The Adventures
of
Frodo Gardner

Volume VII
Now Lost, Lost to Those From the East, Is Valimar!
By Dolores J. Nurss

Chapter 17, Part 227
Free at Last
August 7, 1452

It not only felt good, it felt familiar, almost like returning home. It felt like dimming back down to childhood again, free of all responsibilities, cozy and tucked in, not thinking much at all, not really needing to. Peace–as simple as that. Muscles clenched for so long that they had forgotten any other state finally relaxed. Old aches that had fallen into the background of his awareness now departed with an influx of relief to replace it, so profound that it could waft him away, completely off his feet, like a gentle flood.
 
No more voice. No more bickering, nagging, seducing, swearing voice, by turns as smooth as poisoned syrup, or screeching in fits of senile evil. Only silence filled his mind, sweet, soft silence like feather-down that he could lay his weary head against, in fact a veritable snow of down, blanketing everything. All sounds seemed muffled to him, all feelings, and all thought. He felt returned to an earlier innocence, further back even than his departure from Bag End, all the way to a time long before he had ever even guessed at how much could go wrong in this sad and dirty world.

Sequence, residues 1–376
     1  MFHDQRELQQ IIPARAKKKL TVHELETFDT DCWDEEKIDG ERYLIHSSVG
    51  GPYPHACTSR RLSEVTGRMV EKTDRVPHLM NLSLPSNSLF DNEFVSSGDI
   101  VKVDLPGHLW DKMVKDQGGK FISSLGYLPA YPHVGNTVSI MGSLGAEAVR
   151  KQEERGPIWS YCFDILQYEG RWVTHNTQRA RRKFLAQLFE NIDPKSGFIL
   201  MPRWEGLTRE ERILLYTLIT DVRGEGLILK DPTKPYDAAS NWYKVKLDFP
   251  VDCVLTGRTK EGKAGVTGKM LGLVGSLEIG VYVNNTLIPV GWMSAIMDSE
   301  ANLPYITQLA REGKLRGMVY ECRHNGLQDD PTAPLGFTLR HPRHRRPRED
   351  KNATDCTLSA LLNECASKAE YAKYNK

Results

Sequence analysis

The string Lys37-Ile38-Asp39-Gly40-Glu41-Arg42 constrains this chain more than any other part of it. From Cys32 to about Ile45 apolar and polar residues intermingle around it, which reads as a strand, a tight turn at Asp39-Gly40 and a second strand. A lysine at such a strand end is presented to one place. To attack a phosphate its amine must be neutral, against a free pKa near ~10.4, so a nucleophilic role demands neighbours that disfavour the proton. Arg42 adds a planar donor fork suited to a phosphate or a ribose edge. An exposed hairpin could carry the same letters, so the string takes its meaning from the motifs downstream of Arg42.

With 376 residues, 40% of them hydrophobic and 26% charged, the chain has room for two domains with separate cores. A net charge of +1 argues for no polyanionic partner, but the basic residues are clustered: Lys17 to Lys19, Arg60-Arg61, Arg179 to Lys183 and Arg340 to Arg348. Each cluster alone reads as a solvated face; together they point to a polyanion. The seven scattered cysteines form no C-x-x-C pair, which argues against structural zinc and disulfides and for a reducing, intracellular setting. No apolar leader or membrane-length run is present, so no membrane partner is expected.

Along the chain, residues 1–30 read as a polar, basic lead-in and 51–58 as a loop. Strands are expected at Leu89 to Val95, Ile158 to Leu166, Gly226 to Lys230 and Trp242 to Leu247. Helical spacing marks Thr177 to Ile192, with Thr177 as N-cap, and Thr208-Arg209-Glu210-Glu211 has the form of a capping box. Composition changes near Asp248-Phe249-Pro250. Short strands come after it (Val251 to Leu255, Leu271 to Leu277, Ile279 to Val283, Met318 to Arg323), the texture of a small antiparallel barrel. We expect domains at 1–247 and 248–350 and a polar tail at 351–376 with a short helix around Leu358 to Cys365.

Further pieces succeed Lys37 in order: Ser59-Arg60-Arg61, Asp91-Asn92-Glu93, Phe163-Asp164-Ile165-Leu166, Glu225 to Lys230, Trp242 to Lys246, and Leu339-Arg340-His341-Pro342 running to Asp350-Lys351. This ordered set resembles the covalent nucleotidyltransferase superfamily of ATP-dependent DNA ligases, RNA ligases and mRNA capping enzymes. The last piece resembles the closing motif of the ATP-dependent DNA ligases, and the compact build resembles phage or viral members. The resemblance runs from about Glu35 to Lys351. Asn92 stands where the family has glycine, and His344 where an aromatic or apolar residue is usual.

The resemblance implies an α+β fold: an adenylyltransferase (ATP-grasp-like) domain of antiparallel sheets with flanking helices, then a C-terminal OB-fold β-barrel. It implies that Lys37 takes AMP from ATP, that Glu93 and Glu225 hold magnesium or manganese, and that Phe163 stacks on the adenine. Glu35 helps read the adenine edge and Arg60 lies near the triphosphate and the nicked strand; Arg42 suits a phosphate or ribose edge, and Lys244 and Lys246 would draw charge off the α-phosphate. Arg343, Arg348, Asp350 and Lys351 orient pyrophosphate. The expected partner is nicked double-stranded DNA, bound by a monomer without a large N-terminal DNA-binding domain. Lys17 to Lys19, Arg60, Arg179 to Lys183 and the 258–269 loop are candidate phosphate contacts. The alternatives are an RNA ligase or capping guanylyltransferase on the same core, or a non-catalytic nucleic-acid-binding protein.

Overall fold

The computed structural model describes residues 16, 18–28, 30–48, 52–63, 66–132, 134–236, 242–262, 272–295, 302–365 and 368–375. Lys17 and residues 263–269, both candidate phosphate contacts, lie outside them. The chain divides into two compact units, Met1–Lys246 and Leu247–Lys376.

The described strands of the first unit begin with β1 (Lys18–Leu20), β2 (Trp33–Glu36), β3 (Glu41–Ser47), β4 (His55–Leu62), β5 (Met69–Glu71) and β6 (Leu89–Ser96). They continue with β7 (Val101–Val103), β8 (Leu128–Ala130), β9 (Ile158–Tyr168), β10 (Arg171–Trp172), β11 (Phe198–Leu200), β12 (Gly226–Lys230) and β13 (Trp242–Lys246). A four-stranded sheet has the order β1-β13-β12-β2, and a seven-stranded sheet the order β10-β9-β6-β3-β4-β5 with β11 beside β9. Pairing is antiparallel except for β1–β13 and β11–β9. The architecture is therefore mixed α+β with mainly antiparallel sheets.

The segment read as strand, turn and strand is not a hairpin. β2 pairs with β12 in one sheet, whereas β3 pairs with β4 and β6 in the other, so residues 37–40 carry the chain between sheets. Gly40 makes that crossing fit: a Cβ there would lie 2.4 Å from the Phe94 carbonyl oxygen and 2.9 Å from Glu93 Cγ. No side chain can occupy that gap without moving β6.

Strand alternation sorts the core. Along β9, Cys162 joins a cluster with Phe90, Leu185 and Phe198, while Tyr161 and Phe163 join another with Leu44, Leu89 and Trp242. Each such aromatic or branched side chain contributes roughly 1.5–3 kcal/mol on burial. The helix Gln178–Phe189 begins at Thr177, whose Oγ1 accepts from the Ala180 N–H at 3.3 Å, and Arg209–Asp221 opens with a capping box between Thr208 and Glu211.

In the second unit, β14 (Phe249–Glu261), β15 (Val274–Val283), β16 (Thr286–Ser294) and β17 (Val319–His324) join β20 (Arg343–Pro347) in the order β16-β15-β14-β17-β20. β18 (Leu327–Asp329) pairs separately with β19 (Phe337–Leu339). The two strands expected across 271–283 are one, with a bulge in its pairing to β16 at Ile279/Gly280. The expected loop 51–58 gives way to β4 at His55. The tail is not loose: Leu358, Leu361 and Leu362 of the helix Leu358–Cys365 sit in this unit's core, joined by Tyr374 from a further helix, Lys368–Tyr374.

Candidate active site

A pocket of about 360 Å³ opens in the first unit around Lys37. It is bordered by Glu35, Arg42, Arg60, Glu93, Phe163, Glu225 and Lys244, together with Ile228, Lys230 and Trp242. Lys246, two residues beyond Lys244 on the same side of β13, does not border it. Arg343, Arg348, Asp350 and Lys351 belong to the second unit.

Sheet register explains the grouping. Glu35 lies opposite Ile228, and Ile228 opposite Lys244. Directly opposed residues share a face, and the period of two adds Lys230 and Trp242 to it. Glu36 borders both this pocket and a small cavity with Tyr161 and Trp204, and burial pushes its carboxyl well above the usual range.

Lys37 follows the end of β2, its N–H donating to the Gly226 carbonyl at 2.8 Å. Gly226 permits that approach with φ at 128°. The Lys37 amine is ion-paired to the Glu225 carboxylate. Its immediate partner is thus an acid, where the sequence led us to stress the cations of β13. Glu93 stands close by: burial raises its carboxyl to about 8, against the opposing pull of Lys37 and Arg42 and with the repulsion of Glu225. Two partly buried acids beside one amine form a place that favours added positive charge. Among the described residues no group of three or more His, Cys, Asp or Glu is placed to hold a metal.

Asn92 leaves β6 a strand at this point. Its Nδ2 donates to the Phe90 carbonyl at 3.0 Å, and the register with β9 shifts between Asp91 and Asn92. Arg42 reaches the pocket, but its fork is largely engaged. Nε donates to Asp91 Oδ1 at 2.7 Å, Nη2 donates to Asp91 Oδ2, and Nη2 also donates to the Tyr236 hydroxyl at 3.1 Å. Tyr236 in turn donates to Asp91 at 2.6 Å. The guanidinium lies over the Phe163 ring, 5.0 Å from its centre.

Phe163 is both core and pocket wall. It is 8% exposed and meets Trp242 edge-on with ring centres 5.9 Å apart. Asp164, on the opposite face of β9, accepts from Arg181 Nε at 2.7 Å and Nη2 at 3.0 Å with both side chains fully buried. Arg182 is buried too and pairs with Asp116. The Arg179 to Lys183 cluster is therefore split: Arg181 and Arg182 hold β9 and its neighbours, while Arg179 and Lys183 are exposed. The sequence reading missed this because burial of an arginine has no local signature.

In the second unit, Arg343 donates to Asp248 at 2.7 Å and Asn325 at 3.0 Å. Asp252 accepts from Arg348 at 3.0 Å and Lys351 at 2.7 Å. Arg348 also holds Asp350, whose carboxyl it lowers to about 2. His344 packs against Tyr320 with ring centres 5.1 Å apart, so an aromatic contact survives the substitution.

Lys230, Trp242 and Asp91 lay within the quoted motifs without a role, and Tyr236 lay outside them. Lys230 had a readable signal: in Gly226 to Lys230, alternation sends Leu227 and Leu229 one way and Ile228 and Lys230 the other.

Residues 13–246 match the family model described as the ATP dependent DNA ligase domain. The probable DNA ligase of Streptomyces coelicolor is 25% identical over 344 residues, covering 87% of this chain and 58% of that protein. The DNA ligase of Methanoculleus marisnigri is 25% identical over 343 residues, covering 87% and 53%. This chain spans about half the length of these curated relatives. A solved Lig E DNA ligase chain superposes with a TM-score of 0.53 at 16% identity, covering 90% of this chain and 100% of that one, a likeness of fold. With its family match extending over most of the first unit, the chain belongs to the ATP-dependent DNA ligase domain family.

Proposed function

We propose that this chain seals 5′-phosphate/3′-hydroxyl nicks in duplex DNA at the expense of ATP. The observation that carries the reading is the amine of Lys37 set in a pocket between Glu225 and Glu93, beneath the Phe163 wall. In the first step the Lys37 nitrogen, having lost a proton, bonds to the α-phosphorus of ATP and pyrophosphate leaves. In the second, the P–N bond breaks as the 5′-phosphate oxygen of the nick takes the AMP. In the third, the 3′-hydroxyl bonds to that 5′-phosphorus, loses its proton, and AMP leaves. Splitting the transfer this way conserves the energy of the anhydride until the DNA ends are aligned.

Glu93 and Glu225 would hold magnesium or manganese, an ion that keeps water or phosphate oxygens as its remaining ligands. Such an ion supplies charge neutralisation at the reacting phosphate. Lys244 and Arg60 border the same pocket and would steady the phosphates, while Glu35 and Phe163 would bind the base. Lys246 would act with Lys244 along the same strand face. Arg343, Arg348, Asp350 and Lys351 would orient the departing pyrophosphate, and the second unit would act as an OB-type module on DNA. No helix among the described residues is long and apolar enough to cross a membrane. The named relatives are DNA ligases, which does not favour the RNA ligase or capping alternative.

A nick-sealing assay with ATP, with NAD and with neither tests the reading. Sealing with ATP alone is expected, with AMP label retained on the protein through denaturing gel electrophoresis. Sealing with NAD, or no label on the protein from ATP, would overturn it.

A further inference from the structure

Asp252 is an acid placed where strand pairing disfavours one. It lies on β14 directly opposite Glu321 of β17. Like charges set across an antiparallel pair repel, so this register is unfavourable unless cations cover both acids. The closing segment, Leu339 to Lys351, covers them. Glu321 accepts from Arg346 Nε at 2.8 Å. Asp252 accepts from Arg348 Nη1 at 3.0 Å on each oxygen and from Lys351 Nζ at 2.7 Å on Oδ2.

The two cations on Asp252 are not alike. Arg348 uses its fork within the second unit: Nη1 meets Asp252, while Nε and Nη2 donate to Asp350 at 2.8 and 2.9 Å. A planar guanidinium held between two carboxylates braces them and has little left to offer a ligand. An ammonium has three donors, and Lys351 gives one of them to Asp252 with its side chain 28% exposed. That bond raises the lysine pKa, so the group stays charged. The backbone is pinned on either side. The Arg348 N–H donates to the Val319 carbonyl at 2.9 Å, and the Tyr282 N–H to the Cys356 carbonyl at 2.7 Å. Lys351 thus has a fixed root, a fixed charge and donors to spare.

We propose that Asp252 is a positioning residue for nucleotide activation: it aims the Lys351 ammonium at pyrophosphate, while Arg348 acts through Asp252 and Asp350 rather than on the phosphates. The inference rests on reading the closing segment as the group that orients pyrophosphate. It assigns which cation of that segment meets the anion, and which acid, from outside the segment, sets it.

“Come on home, Frodo.”
 
“Just one more.” The clinking of mugs and bottles, distant and yet present, sounded like the friendliest of music, all of it fitting into some congenial rhythm beyond his child mind to comprehend. He didn’t feel like he sat in a Mordor bar at all, though he did have a sense of his numb body high up on a stool; in his heart he nestled into the cushions by the fireplace in Bag End, while kindly ladies poured brandy into Mama’s tea and murmured words of consolation.
 
“No, you have had quite enough already.”
 
Frodo laughed. “Why shouldn’t I celebrate? Sauron has gone.” He raised a mug to the yeasty dimness all around him, the comforting shade that denied the cruelty of the sun outside. “I can have as much as I please, now, and he will not interfere.”
 
“And if I stabbed you with this sword, and then departed, would I take your wound with me?”
 
Frodo drank deep before asking, “Why are you so keen, anyway, to go home with a murderer, Bergil?”
 
“The Prince has revealed his identity in order to acquit you.”
 
Frodo studied his own hand, which had begun to blur. “What about my fingerprints on Lebadoc’s throat? Doesn’ that count for something?”